This species blooms in late spring or early summer. The flowers are purple or magenta, rarely rose-pink, about 2 in wide. The fruits are yellowish, tubercular like the stems, and shaped something like the frustum of a cone, with a hollow at the wide end where the flower fell off; they are often mistaken for flowers. The plant retains them all winter.
The fruits are also eaten by various wild birds and mammals, including pronghorn antelope, desert bighorn sheep, and deer.
One tablespoon of buds from the cholla cactus has as much calcium as eight ounces of milk. The buds are rich in soluble fiber that helps regulate blood sugar.
The fruit of some species is edible raw or boiled. To harvest it, twist it off the plant, or knock it off with a stick. Two long sticks can be used as tongs, or a pocket knife can be used. The fruit can be gathered and stirred with a stick or Chaparral branch, or other brush-like branch and then rubbed with a cloth to remove the glochids. Or wipe it with a wet cloth, or roll it in the sand and then soak it in water. Or, roll it in gravel or burn to remove the spines.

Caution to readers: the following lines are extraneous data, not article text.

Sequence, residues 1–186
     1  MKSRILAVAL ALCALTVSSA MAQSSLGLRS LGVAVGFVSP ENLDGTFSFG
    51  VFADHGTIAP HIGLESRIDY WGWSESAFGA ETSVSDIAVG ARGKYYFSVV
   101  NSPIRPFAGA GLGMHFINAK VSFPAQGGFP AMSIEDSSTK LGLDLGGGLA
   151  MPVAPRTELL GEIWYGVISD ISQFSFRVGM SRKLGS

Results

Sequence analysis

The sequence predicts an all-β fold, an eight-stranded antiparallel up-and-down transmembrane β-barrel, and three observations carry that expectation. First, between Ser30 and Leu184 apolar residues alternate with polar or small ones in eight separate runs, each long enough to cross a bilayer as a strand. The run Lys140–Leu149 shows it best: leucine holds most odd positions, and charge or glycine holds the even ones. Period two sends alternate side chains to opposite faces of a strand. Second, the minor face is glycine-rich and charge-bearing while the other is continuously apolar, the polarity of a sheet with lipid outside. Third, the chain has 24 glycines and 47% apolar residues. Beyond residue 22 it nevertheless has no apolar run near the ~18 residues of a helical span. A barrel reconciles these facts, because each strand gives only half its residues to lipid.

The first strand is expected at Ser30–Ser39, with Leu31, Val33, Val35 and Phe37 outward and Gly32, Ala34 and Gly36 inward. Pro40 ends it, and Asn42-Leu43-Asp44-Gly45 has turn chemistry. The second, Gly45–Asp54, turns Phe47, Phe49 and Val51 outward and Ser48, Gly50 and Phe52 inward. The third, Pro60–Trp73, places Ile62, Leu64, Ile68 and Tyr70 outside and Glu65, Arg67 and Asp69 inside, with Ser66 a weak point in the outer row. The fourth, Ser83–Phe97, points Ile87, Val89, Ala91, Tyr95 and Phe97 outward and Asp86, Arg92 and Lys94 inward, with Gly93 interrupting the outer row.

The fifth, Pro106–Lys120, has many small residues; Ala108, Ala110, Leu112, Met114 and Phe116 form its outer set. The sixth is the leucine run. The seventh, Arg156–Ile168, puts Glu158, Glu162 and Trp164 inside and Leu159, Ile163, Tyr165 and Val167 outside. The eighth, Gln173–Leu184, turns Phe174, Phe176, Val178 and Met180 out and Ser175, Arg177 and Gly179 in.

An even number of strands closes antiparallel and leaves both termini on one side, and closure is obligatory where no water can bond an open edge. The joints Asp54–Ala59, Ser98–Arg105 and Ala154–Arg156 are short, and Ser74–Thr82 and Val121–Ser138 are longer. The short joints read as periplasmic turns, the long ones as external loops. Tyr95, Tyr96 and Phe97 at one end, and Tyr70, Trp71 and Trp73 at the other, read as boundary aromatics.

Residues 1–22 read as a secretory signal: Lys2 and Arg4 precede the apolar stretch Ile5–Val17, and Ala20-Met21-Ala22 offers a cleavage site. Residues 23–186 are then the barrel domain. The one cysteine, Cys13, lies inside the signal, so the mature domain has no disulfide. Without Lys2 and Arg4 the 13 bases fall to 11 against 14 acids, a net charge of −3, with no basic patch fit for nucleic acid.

Peel the skin with a knife, or slice it away. The fruit can be impaled on a cholla thorn while you work on it. Some fruit is good raw, with or without salt, some roasted on hot coals for a half hour, which can be done before it is peeled, and some boiled and mashed, possibly with honey added. Some fruit can be dried and stored.
The dried cholla wood can be used for firewood, used to make picture frames, tool handles, lamp stands and many other items. The thorns can be used for sewing needles or to make improvised fish hooks.
Stay Prepared! Stay Alive!
You mentioned hair tonic.. can you elaborate?ReplyDelete
The roots are soaked in cold water for three or four days. Then, to check falling hair and to stimulate growth, the head is first shampooed and afterward rinsed with the infusion.ReplyDelete